Monday, July 27, 2009

The debate over the representative nature of the AFN continues.
One blogger named Shmohawk thinks that it is a travesty to even consider one member, one vote for the AFN.
His big argument is, "The AFN has never been an organization of individual status Indians." Profound, eh?
Of course, not having a history of being representative must mean it must forever be that way. Shmohawk is one of those indigenous activists who believe that indigenous culture must never change.
To add more fun to the discussion, Shmohawk compares the AFN to a national union: "The AFN’s structure is closer to that of a national union, like CUPE, for instance. The union’s membership in a local (say Local 233) vote for a local representative, much like band members vote in band council elections.Local reps may then elect regional or provincial representatives, similar to the way in which John Beaucage was elected to head up one of the regional Indian organizations in Ontario."

And then he goes on:

"Local and regional union reps then get to select the national executive for CUPE. (Correct me here, but I don’t believe every member has a direct vote for national president of CUPE.) Similarly, every now and then, the chiefs cluster to select a new head of their national organization, the AFN. It was never meant to be a “one member, one vote” system."

Of course, all of these theorizing ignores the AFN's own Renewal Commission of 2005 which called for a change in the AFN's internal structure, including a move towards a one member, one vote system.
One of my good indigenous friends, Annette Cyr, has even provided some excellent other suggestions, such as referenda at the band level, so that at least the chief is voting for who the average people want.
People like Shmohawk do not understand the difference between what things were intended to be and what they could become.
No one argues the AFN is an indigneous government. It does not have governmental powers. It is a registered lobby group. But, if it affects the national Aboriginal agenda and sways legislation that affects the lives of everyday indigenous people, don't those people have a say?
Especially if their chief does not consult with the membership on who they should vote as national chief, this institution needs to be reformed.

Thursday, July 23, 2009

New AFN national chief

So, Shawn Atleo will be the new national chief of the AFN. This is what many expected, but most did not expect the long, protracted battle to get there for him. It is also the case Atleo did not even obtain the required 60 per cent threshold. I think he ended up receiving 58 per cent of the vote, which prompted Bellegarde to concede defeat.
Some thoughts on Atleo. He is a younger, polished, telegenic candidate with an eye towards working with Ottawa and he is committed to working with the private sector to lift First Nations out of poverty. He would likely be eager to reach deals with natural resource companies developing FN traditional territories. This might get him into conflict with some more ardent traditionalists.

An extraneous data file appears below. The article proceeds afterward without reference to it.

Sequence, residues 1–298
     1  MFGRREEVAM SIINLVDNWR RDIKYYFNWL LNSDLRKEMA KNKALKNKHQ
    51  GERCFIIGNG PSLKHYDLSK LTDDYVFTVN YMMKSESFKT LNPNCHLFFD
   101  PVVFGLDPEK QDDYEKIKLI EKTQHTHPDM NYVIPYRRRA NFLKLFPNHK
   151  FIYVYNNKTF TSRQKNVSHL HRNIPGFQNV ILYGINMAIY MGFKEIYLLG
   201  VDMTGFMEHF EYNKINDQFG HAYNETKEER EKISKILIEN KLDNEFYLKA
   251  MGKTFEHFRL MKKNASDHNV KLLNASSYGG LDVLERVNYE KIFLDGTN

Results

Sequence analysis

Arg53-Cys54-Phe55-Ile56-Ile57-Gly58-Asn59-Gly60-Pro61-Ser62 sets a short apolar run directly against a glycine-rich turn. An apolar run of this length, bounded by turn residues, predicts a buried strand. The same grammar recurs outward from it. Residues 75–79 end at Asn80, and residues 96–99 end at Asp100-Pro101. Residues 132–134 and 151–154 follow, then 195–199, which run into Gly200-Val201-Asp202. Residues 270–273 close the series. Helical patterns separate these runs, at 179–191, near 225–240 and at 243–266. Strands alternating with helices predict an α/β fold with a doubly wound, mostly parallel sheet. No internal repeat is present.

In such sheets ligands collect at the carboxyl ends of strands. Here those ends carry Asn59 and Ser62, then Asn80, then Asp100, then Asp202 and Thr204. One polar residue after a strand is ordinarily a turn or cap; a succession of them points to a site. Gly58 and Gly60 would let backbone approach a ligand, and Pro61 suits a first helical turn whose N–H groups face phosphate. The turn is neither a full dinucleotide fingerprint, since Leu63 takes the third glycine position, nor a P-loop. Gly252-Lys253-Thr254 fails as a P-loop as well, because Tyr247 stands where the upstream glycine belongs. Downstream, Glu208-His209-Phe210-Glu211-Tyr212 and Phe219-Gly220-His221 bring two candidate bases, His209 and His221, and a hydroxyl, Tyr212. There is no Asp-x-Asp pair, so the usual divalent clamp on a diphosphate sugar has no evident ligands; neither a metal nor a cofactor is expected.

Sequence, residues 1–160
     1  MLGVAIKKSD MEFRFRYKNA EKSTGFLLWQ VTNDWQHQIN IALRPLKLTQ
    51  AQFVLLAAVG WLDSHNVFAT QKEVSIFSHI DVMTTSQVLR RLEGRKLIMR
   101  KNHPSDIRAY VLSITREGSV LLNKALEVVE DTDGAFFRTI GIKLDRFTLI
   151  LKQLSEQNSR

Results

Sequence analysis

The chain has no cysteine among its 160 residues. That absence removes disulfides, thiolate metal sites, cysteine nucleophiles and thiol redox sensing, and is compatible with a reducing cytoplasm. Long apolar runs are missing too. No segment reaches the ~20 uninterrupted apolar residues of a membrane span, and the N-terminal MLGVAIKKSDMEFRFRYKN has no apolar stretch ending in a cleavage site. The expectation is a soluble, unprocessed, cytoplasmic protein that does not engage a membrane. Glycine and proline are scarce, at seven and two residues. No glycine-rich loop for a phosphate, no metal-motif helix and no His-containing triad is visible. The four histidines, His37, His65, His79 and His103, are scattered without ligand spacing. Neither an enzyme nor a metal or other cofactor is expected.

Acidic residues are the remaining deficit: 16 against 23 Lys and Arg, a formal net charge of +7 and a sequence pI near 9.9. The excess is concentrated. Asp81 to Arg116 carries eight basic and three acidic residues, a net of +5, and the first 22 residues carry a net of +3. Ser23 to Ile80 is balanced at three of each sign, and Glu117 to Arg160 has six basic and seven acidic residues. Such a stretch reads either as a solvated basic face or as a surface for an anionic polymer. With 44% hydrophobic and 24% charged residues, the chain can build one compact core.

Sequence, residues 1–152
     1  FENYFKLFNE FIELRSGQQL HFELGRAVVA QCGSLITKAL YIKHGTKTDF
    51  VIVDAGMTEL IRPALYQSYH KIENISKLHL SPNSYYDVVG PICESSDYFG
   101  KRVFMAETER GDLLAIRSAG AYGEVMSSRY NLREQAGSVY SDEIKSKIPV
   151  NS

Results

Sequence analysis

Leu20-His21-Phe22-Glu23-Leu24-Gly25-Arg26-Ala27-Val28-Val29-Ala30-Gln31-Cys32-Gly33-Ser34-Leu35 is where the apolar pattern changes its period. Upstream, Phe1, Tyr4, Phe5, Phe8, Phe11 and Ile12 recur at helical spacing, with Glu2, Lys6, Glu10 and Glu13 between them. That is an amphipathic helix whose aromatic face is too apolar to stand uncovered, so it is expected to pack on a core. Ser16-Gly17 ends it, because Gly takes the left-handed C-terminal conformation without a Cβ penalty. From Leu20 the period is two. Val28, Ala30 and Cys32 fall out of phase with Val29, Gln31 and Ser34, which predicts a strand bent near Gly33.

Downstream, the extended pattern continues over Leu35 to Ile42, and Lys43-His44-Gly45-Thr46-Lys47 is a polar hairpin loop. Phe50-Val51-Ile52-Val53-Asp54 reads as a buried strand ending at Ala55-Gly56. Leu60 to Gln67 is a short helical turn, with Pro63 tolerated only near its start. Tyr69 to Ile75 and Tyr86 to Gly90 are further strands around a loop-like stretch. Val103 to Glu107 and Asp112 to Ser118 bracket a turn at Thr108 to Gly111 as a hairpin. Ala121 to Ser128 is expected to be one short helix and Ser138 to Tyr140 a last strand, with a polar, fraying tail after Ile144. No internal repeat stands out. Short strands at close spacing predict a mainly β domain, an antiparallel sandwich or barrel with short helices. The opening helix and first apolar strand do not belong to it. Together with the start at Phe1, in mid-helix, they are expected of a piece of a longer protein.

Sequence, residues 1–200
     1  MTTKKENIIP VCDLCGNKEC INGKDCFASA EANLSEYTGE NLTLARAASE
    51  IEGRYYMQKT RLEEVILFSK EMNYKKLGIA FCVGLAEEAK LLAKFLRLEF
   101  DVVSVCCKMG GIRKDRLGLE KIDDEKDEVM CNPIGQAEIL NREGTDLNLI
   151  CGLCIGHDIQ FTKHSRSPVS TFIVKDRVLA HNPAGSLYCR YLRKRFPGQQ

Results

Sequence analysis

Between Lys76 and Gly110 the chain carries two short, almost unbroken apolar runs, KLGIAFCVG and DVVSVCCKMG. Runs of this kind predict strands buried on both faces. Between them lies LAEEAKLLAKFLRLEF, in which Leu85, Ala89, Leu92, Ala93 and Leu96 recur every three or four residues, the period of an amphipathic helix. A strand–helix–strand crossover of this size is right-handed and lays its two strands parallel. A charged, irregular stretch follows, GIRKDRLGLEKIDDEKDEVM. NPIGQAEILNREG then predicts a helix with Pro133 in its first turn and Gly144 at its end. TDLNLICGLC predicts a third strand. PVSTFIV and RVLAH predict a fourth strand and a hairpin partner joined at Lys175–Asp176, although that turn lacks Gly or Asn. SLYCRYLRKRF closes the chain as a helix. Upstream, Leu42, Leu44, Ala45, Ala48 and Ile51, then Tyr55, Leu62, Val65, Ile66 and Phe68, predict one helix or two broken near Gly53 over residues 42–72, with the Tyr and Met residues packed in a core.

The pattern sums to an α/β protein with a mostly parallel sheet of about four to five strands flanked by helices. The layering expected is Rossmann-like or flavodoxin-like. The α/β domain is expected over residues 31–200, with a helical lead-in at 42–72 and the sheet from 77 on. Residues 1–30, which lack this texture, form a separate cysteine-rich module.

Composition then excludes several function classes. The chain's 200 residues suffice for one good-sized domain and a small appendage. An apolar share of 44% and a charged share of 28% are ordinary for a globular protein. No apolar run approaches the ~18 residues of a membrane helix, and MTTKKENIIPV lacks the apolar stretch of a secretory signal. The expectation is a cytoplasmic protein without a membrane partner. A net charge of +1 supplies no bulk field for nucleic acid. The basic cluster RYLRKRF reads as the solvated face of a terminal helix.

Some disappoints with him, for me, would be his avoidance of the band-level accountability issues. His own campaign website says that First Nation leaders face "unfounded assertions" of lack of accountability. This is avoiding the problems that are so obvious as to defy the imagination. This is part and parcel of the chiefs-only system. Atleo cannot attack the chiefs that select him.
This brings me to the second major issue which is AFN reform. John Beaucage from Ontario was the only candidate who openly discussed changing the national chief selection process to make it more representative and open. It was disheartening that he did such a poor showing on the first ballot.
Some people point to some undemocratic aspects of the mainstream non-Aboriginal political system when I bring this up. They mention that prime ministers and premiers are chosen at party conventions by delegates. But, I counter that by mentioning that at least those delegates are grassroots Canadians. Second, at least every Canadians has the chance to vote for a local candidate who indirectly impacts who the prime minister will be.
Pointing to the un-democratic aspects of the mainstream system does not change the reality that the AFN system is even MORE undemocratic than the mainstream in so many ways. The AFN race can be compared to a leadership convention where only leaders are welcome and then it ends there. At least in the mainstream, all candidates for PM face general election, and after all, many voters base their local selection based on their perception of the national leader they want as PM.
Anyways, Atleo ignored the AFN's own 2005 Renewal Commissison report which called for one-member, one vote.
Lastly, I am worried Atleo will end up opposing any governmental efforts or legislation that will improve the lives of average indigenous people. His commitment to a rights-based agenda is fine, it is means standing up for treaty resolution and supporting constitutional rights, but it should be taken so far as to hide behind self-government rhetoric every time Ottawa moves to engage FNs in progressive reform.
Also, Atleo is a BC leader where treaties are being negotiated in a modern context. One thoughtful reporter friend of mine mentioned that this may make Atleo more amenable to negotiations and new ways of thinking. Let's hope so!

Monday, July 20, 2009